Why your 'guilt programming' is sinful
Updated: Aug 2
“Knock on wood.”
More than simply a a throwaway line that we utter (with a knuckle tap on the table) when we hint at an impending negative experience, “knock on wood” can become a mindset that infects us, leading us to expect bad things, live in fear, and close our receptivity to abundance.
For years, I had a “knock on wood” mentality and, truth be told, must be vigilant to ensure it does not return.
Success in business or a joyful life event was quickly followed by the overwhelming thought that life was going to balance out by serving me up a corresponding negative event because, well, that’s what I was programmed to believe.
Programmed by whom? By what?
Doesn’t matter, except to know that there are a variety of sources (family, politicians, church pulpits, peers, workplaces, media) of our mental programming (you can listen to my recent interview with Randy Gage to learn more about programming).
When you really step back, open up your mind, and look at our programming, you realize that much of it — whether “designed” or not — is designed to keep us in line…
To follow rules…
To preserve mediocrity…
To protect scarcity…
And to weaponize guilt.
Part of having a truly abundant mindset is being receptive to abundance and prosperity. When you’re receptive, you don’t think things like “knock on wood,” because you know there is no predetermined “balance” that requires you to eat shit simply because you tasted success.
An abundance mindset certainly doesn’t mean you feel any amount of guilt simply because you’ve created wealth and experienced freedom and fulfillment — and it absolutely doesn’t mean you are envious when you see the success of others.
To be sure, those who are envious express that envy as “altruism.” They question how successful, wealthy individuals (even those who built businesses from scratch) can live with themselves while people are starving in the world.
Which leads us to the aforementioned “weaponization of guilt.”
When we are programmed to feel guilty as our default, then weaponization of that guilt to control us is easy.
For example, as someone who grew up Catholic and attended Catholic schools, I was consistently bombarded with the notion of “sin.”
But the definition of sin with which I was raised was that of “good and evil” with the heavenly man on the throne keep track so that “he” would either let me into heaven, stick me in purgatory, or condemn me to hell.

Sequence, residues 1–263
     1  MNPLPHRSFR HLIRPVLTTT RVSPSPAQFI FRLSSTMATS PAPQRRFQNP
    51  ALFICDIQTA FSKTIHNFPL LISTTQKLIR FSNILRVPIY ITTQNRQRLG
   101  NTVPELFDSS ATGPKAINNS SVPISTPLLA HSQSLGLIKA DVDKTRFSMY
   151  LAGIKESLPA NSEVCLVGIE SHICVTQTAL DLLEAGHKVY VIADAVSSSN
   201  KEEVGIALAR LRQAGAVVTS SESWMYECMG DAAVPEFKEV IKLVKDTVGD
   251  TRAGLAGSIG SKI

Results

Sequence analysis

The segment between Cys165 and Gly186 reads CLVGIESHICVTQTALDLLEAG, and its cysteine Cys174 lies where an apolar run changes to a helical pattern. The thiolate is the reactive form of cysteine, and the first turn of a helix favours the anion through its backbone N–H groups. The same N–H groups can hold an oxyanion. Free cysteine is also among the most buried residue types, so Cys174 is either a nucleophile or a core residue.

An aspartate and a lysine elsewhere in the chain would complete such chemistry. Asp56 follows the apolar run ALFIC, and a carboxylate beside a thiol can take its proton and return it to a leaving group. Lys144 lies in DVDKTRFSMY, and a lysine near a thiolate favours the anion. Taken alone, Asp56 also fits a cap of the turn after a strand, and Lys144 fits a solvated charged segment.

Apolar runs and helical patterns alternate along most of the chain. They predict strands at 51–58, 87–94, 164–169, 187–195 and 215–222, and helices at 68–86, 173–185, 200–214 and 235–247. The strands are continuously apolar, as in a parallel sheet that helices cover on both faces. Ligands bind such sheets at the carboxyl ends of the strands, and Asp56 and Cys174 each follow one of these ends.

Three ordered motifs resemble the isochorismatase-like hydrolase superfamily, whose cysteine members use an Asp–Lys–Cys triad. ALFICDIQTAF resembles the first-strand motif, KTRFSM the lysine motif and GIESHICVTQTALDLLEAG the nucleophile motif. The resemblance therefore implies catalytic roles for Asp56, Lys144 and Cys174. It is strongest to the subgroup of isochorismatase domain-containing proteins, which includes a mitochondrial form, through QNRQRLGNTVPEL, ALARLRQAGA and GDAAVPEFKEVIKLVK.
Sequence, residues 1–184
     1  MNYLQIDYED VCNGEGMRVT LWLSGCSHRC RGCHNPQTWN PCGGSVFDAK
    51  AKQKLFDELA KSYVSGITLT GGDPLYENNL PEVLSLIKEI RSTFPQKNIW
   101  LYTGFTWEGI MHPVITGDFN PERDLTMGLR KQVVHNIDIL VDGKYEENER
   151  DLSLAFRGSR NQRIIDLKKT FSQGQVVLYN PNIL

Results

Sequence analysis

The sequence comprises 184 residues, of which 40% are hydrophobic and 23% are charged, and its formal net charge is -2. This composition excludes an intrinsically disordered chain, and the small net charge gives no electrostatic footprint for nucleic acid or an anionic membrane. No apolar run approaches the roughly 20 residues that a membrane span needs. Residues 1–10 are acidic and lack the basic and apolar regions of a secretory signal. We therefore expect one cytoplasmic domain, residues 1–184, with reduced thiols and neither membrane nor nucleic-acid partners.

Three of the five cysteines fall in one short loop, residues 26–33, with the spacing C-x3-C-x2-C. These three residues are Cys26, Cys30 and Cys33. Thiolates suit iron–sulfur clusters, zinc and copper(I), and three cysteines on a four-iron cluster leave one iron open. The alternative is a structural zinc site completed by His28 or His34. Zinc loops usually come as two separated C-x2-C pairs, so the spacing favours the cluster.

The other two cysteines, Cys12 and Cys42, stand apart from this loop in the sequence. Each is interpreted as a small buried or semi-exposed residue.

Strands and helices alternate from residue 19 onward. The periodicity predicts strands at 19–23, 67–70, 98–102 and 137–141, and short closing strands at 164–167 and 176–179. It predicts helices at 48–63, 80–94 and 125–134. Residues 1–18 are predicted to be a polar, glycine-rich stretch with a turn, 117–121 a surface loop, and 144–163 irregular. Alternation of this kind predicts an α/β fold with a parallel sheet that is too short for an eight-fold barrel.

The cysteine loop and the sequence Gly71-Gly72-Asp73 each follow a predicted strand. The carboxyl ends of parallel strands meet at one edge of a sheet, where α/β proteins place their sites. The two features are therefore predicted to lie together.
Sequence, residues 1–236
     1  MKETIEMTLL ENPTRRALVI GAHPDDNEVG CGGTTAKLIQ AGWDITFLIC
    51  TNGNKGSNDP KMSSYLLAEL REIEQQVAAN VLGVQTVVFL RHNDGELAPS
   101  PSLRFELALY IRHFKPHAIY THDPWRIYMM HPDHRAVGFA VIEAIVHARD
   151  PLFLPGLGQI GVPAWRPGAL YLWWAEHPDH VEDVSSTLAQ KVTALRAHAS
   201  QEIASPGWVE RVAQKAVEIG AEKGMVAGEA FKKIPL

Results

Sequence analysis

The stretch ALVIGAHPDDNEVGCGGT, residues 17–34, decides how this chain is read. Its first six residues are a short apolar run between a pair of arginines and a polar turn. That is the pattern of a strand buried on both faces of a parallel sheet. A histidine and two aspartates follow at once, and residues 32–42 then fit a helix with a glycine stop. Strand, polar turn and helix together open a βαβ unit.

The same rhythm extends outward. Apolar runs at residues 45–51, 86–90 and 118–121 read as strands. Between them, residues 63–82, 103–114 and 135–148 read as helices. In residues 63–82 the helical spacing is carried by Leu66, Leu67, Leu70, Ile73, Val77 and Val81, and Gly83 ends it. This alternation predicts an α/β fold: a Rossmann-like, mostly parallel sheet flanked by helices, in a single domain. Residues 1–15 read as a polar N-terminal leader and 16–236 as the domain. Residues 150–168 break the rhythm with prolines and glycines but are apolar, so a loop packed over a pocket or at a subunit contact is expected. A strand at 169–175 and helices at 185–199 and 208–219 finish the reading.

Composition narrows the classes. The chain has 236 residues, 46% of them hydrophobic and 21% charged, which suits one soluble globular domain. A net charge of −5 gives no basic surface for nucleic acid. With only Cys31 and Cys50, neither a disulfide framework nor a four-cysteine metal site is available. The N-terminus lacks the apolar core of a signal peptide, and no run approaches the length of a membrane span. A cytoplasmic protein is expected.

It’s interesting that, over time, western society and humans came to fundamentally change the definition of sin to fit this programming.
After all, as Randy Gage (and others) has written…
"Most people think of sin in the religious context and equate sin as doing evil things like those listed in the ten commandments. But if you translate the original writing which is accepted as the Bible today, the language used was Aramaic. And the translation of sin means to 'miss the mark.'"
You see how the definition of “sin” has fundamentally changed over time.
Do bad. Be judged. Feel guilty. Repent, or go to hell.
But it’s not just Christianity that has been impacted.
Let’s look at the Sanskrit word, “karma.”
What the word actually and literally means is simply, “action.”
The actions you take produce certain results.
But, as with the word, “sin”, that’s not the way we’ve been programmed to understand the concept of “karma.”
As Sadghuru writes in his book, Karma: A Yogi's Guide to Crafting Your Destiny…
“Unfortunately, most people have understood action in terms of good and bad deeds. They see karma as a balance sheet of merits and demerits, virtues and sins. A life audit of sorts. To others, it is a ledger maintained by some divine chartered accountant who assigns some people to celestial bliss and consigns others to a nether world or into the maw of some recycling machine that spews them back into this world to suffer some more.”
We’ve been programmed to understand the concepts of “sin” and “karma” as this good-vs- bad-crime-and-punishment-big-man-on-a-throne-judging-us principle.
Now, you may say, this is a good thing because it keeps us on the straight and narrow and prevents us from giving into our evil side and doing wrong.
Perhaps. But I would also say that most people wouldn’t go out and commit murder simply because they feel God will judge them and condemn them to hell.
The problem is that this type of guilt-ridden mindset keeps people from wanting prosperity. They feel guilty for it.
Wealth is bad. Poverty is a virtue.
That’s what we’ve been led to believe.
Richard Branson goes to space and we condemn him for it because his space investment is taking away from hungry people.
That’s just one example.
I would argue that this mindset actually leads us to commit “sin” as the word actually means. It causes us to miss the mark by not taking actions commensurate with a prosperous life.
By bastardizing the word “karma” — we don’t actually take the actions (the literal definition of “karma) that would lead us to the results that give us the life we actually want.
When this happens, we become victims. Self-imposed prisoners of envy and guilt.
Then we curse the world and those who have freed themselves to build and create prosperous lives.
And the vicious circle continues.
So what can we do?
Tune out the noise. Tune out the programming.
Define and get radically clear on what you actually want in life.
There is a simple equation:
If your mindset is programmed for envy, guilt, and scarcity, then you will get results commensurate with that mindset.
But if you stop, reprogram, and cultivate abundance…
When you start expecting abundance and being receptive to it — instead of having your “knock on wood” mentality…
Then, and only then, will you begin to get the results you want.
If you want a life of scarcity, poverty, and “missing the mark” – you can have it.
And if you want a life of prosperity, abundance, freedom, and fulfillment — you can have that, too.